With the rapid growth of the smartphone and tablet market, mobile application (App) industry that provides a variety of functional devices is also growing at a striking speed. Product life cycle (PLC) theory, which has a long history, has been applied to a great number of industries and products and is widely used in the management domain. In this study, we apply classical PLC theory to mobile Apps on Apple smartphone and tablet devices (Apple App Store). Instead of trying to utilize often-unavailable sales or download volume data, we use open-access App daily download rankings as an indicator to characterize the normalized dynamic market popularity of an App. We also use this ranking information to generate an App life cycle model. By using this model, we compare paid and free Apps from 20 different categories. Our results show that Apps across various categories have different kinds of life cycles and exhibit various unique and unpredictable characteristics. Furthermore, as large-scale heterogeneous data (e.g., user App ratings, App hardware/software requirements, or App version updates) become available and are attached to each target App, an important contribution of this paper is that we perform in-depth studies to explore how such data correlate and affect the App life cycle. Using different regression techniques (i.e., logistic, ordinary least squares, and partial least squares), we built different models to investigate these relationships. The results indicate that some explicit and latent independent variables are more important than others for the characterization of App life cycle. In addition, we find that life cycle analysis for different App categories requires different tailored regression models, confirming that inner-category App life cycles are more predictable and comparable than App life cycles across different categories.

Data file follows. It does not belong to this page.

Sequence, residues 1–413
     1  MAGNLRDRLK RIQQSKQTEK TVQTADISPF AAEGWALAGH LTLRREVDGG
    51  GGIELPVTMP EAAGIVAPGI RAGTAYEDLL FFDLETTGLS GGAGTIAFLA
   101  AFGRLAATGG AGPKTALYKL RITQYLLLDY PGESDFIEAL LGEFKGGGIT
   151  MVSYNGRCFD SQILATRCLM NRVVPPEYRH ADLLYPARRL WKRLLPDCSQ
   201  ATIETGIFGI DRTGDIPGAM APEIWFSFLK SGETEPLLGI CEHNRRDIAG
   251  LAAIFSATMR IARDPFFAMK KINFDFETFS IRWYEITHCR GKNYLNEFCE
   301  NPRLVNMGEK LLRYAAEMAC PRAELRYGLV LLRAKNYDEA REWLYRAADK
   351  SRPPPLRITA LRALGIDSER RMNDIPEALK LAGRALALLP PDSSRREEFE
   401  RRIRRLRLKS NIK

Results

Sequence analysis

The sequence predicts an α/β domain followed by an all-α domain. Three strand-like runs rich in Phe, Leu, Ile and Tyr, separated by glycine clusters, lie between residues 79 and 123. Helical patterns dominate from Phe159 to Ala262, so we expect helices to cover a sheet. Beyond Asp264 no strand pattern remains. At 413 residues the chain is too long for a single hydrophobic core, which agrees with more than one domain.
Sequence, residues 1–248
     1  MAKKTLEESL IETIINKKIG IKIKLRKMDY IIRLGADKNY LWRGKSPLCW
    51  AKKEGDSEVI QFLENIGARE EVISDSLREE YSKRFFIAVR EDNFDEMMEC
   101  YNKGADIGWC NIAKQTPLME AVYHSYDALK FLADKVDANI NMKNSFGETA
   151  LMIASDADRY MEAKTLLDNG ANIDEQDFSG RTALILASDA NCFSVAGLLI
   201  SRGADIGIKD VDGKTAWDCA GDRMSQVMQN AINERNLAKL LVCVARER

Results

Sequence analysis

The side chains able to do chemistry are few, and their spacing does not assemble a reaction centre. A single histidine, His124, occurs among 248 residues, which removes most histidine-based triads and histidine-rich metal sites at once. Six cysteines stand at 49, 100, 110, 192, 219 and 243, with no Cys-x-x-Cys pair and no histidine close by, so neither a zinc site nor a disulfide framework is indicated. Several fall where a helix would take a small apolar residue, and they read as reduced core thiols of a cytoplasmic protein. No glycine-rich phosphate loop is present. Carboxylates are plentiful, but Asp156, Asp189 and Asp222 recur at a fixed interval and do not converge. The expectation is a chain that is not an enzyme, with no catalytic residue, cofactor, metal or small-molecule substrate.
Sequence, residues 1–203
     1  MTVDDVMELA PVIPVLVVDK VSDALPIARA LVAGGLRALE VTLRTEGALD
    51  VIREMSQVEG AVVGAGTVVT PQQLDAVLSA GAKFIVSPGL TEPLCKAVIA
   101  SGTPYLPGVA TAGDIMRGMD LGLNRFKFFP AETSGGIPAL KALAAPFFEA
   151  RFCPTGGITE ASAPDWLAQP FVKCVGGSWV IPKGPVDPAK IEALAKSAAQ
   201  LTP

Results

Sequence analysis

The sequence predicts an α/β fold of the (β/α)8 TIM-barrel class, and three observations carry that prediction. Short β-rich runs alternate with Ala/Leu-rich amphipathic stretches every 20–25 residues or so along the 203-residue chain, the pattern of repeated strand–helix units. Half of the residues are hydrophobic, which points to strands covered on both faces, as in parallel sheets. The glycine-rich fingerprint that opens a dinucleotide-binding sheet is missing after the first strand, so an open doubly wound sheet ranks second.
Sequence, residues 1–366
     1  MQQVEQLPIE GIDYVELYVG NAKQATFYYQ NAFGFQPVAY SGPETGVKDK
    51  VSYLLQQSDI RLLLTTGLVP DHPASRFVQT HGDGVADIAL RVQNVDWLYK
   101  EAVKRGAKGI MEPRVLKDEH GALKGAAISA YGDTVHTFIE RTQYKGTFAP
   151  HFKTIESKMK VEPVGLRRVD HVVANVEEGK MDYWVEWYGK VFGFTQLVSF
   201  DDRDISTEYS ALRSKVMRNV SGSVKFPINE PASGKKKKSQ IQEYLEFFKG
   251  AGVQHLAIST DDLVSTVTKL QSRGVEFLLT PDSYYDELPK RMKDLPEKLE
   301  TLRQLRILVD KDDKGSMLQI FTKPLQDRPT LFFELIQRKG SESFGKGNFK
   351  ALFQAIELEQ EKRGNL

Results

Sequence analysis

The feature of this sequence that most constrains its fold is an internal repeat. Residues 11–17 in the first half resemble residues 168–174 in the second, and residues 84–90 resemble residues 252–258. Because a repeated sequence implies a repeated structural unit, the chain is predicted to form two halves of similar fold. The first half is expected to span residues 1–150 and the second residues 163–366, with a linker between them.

The paper describes the problem of conversion of heights to the European Vertical Reference Frame 2007 for Poland (PL-EVRF2007-NH). The subject of the study is height data, and especially the detailed vertical reference network. The aim of the article is to present an alternative method of conversion to the one recommended by the Polish Head Office of Geodesy and Cartography. The proposed approach is characterised by a low implementation cost while maintaining the required accuracy.
The publication is illustrated by the case of Kętrzyn district (in the north-east part of Poland). The local reference network was converted from Kronstad’60 to PL-EVRF2007-NH in 2017.
Daniel Smullen, Yuanyuan Feng, Shikun Aerin Zhang and Norman Sadeh
In today’s data-centric economy, data flows are increasingly diverse and complex. This is best exemplified by mobile apps, which are given access to an increasing number of sensitive APIs. Mobile operating systems have attempted to balance the introduction of sensitive APIs with a growing collection of permission settings, which users can grant or deny. The challenge is that the number of settings has become unmanageable. Yet research also shows that existing settings continue to fall short when it comes to accurately capturing people’s privacy preferences. An example is the inability to control mobile app permissions based on the purpose for which an app is requesting access to sensitive data. In short, while users are already overwhelmed, accurately capturing their privacy preferences would require the introduction of an even greater number of settings. A promising approach to mitigating this trade-off lies in using machine learning to generate setting recommendations or bundle some settings. This article is the first of its kind to offer a quantitative assessment of how machine learning can help mitigate this trade-off, focusing on mobile app permissions. Results suggest that it is indeed possible to more accurately capture people’s privacy preferences while also reducing user burden.